Karl F. Böhringer, Ph.D.

Associate Professor
Director, MEMS Laboratory
Department of Electrical Engineering
University of Washington
Box 352500, 234 EE/CSE Building
Seattle, WA 98195-2500, USA

tel. 206 221-5177
fax 206 543-3842

Educational History


University of Washington, Seattle, WA

  • 2003-present Associate Professor, Department of Electrical Engineering
  • 1998-2003 Assistant Professor, Department of Electrical Engineering

University of California, Berkeley, CA

  • 1996-1998 Postdoctoral Research Associate, Department of Industrial Engineering & Operations Research and Berkeley Sensor & Actuator Center
  • Autumn 1997 Lecturer, Department of Electrical Engineering & Computer Sciences


  • 1988-present patent consultant, expert witness, sofware engineer

Awards and Honors

  • 2003 Top 100 Science Stories, Discover magazine's special issue "Year in Science"
  • 2002 National Academy of Engineering "Frontiers in Engineering" Participant
  • 2000 NSF New Century Scholarship
  • 1999 NSF CAREER Award
  • 1997 NSF Postdoctoral Associateship
  • 1993 Cornell Mathematical Sciences Institute Summer Fellowship

Award Nominations

  • 1998 Nominated for ACM Doctoral Dissertation Award

Best Conference Paper Nominations

  • 1995 Micro- and Nano-Engineering (Aix-en-Provence, France), 2nd place
  • 1995 IEEE Int. Conf. on Robotics and Automation (Nagoya, Japan), finalist
  • 1994 IEEE Int. Conf. on Robotics and Automation (San Diego, CA), finalist

Awards and Honors to Students

  • Khye Suian Wei (senior), Electrical Engineering Undergraduate Research Award, University of Washington, Spring 2003.
  • Aziel Epilepsia (sophomore), Minority Undergraduate Research Fellowship (MURF), California Institute of Technology (Prof. Stephen Quake), Summer 2003.
  • Christian Schabmüller (postdoc), Best Poster Award, Micromechanics Europe Workshop, October 2002.
  • Christian Schabmüller (postdoc), The Ayrton Premium Award, Institute of Electrical Engineers (IEE), England for a paper on his PCR chip (built as part of his Ph.D.), July 2002
  • Ryan Lipscomb (undergraduate), Mary Gates Training Grant, December 2001
  • Ryan Lipscomb (undergraduate), Center for Excellence in Genomics Science and Technology Undergraduate Fellowship, October 2001.
  • Matt Clements (graduate), National Defense Science and Engineering Graduate Fellowship, September 2001. 3-year stipend and tuition.
  • Xiaorong Xiong (graduate), Ford Fellowship, June 2001.
  • Joel Reiter (graduate), Boeing Engineering Fellowship, September 2000.
  • Yael Hanein (postdoc), NSF CISE Postdoctoral Associateship in Experimental Computer Science, August 2000.
  • M. Terry (graduate), National Science Foundation Graduate Research Fellowship, March 2000.


  • 2003-present Adjunct Associate Professor, Departments of Computer Science & Engineering and Mechanical Engineering, University of Washington
  • 1998-2003 Adjunct Assistant Professor, Departments of Computer Science & Engineering and Mechanical Engineering, University of Washington
  • 2001-present Faculty Member, Microscale Life Science Center, University of Washington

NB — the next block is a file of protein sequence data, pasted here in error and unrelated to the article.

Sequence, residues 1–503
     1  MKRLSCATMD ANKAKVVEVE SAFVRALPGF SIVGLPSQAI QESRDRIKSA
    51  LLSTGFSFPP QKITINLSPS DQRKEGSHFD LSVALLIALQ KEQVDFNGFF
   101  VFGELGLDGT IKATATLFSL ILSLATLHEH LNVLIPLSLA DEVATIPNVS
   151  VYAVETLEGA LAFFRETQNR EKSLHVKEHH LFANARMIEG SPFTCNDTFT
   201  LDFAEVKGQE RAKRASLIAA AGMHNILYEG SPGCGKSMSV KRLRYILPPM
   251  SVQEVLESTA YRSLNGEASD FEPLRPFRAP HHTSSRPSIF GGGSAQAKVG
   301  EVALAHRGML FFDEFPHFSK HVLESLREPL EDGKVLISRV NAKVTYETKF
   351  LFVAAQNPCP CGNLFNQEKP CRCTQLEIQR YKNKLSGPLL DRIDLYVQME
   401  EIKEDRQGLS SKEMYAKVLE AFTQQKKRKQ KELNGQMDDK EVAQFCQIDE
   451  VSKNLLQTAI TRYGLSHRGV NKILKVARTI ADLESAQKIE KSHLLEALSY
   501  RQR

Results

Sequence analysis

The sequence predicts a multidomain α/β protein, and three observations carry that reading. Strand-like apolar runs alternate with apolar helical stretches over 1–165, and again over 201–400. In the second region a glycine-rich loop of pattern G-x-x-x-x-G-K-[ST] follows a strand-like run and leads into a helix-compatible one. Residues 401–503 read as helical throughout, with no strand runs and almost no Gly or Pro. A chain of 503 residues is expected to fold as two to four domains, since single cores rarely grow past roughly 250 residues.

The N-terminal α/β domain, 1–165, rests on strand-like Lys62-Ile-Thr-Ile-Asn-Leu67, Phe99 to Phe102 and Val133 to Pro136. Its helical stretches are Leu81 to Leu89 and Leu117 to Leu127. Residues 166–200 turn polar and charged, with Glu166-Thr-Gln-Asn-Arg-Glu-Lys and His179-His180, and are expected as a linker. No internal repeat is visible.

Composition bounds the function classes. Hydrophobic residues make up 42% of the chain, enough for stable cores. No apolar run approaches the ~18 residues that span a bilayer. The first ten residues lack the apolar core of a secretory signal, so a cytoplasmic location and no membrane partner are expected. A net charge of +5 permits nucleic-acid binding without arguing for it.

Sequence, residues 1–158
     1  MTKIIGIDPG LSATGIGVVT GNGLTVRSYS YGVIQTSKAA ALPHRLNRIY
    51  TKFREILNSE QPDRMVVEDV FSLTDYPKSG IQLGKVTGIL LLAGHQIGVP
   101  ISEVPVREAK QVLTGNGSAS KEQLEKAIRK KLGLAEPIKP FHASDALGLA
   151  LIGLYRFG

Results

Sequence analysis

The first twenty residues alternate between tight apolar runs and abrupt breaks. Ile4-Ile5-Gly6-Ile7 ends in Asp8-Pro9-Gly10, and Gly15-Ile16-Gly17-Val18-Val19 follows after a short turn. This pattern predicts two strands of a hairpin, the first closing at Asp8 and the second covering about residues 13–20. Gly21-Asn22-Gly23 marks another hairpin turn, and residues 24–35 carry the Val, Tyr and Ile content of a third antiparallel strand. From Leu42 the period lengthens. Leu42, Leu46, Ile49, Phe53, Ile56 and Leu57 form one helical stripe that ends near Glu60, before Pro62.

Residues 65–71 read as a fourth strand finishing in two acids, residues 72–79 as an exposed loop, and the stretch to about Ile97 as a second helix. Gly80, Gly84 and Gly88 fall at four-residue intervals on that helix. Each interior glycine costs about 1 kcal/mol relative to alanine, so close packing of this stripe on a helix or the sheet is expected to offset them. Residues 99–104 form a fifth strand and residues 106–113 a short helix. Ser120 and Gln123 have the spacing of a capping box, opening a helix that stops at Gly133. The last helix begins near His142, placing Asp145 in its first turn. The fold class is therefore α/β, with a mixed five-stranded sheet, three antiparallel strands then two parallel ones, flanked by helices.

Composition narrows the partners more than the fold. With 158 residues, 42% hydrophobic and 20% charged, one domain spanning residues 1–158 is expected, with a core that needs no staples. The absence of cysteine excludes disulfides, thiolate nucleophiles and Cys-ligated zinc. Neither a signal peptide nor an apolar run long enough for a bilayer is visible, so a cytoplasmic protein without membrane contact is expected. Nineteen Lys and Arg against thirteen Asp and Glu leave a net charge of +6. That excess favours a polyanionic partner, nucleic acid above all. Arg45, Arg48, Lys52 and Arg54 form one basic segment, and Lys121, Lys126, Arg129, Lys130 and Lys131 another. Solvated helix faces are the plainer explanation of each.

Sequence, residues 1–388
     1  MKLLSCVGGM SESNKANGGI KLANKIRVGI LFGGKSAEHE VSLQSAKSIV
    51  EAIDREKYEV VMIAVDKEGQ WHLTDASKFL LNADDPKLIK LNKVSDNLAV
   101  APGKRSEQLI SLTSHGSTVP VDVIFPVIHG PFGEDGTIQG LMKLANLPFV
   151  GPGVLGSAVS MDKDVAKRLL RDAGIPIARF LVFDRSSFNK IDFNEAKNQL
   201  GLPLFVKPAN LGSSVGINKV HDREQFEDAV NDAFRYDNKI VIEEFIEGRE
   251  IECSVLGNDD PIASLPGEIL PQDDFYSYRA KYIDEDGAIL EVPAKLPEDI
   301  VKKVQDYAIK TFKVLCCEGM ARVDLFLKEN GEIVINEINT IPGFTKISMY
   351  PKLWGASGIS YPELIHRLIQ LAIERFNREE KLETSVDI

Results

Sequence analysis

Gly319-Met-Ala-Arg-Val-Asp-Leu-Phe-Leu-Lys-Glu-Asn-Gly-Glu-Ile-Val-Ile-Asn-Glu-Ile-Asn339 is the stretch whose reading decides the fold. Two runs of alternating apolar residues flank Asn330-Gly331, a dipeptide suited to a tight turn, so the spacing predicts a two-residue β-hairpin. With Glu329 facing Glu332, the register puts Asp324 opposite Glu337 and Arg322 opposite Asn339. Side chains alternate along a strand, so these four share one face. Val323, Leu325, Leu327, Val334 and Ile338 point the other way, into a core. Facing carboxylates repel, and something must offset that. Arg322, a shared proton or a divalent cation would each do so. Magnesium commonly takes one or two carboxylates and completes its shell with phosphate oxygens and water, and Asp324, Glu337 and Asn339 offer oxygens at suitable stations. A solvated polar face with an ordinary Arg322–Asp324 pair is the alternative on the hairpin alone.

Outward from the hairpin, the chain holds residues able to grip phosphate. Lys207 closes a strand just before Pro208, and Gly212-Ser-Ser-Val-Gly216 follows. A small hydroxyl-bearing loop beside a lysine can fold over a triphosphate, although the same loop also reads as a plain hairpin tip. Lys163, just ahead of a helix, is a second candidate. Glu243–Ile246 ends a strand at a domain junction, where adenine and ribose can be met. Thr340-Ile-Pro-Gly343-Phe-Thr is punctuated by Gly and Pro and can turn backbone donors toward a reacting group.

• 2000-present Faculty Member, Center for Nanotechnology, University of Washington
  • 1998-present Faculty Member, Center for Applied Microtechnology, University of Washington
  • 1998-present Member of Graduate Faculty, College of Engineering, University of Washington
  • 1998-present Co-director, Electrical Engineering Microfabrication Laboratory, University of Washington
  • 1998-present Director, MEMS Laboratory, University of Washington
  • August 2000 Visiting Professor, Electronic Systems Department, University of São Paulo, Brazil
  • 1994-1995 Visiting Scholar, Robotics Laboratory and Transducers Laboratory / Center for Integrated Systems, Stanford University


Karl Böhringer is currently an associate professor in Electrical Engineering with adjunct appointments in Computer Science & Engineering and in Mechanical Engineering at the University of Washington, Seattle.
He received both his M.S. and Ph.D. degrees in Computer Science from Cornell University and his Diplom-Informatiker degree from the University of Karlsruhe, Germany. During his dissertation work on distributed micromanipulation he designed, built, and tested multiple micro actuator arrays at the Cornell Nanofabrication Facility. He also spent a year as a visiting scholar at the Stanford Robotics Lab and Transducer Lab, where he collaborated on research in MEMS cilia arrays. From 1996 to 1998 he investigated techniques for parallel micro selfassembly as a postdoctoral researcher at the University of California, Berkeley.
His current interests include micromanipulation and microassembly, as well as biomedical implants and bioMEMS for single-cell genomics and proteomics. At the University of Washington, he is a member of the Center for Nanotechnology and the NIH Microscale Life Sciences Center.
His Ph.D. thesis was nominated for the ACM doctoral dissertation award. He received an NSF postdoctoral associateship in 1997, an NSF CAREER award in 1999, and was an NSF New Century Scholar in 2000. His work was featured among the Top 100 Science Stories in Discover Magazine's 2002 "Year in Science."

Curriculum Vitae

A recent C.V. can be found here.


Here is some remarkable information about my academic lineage (compiled by my Ph.D. advisor Bruce R. Donald at Cornell, where my old website may still exist). And my personal lineage.

© Karl F. Böhringer, Department of Electrical Engineering, Box 352500, Seattle, WA 98195-2500, USA